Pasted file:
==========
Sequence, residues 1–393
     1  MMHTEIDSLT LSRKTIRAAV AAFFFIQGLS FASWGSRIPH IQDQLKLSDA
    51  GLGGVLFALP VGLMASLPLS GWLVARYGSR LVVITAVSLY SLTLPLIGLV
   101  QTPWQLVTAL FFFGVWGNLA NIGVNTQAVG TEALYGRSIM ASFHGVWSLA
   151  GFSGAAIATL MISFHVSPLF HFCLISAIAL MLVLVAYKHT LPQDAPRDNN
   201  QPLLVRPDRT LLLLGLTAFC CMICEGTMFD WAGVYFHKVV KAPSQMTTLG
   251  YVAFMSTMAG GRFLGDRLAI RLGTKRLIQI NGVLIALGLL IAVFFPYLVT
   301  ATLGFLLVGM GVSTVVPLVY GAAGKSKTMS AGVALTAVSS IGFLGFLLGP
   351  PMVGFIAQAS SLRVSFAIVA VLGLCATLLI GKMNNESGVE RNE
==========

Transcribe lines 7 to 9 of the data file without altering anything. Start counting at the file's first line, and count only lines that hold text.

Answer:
   251  YVAFMSTMAG GRFLGDRLAI RLGTKRLIQI NGVLIALGLL IAVFFPYLVT
   301  ATLGFLLVGM GVSTVVPLVY GAAGKSKTMS AGVALTAVSS IGFLGFLLGP
   351  PMVGFIAQAS SLRVSFAIVA VLGLCATLLI GKMNNESGVE RNE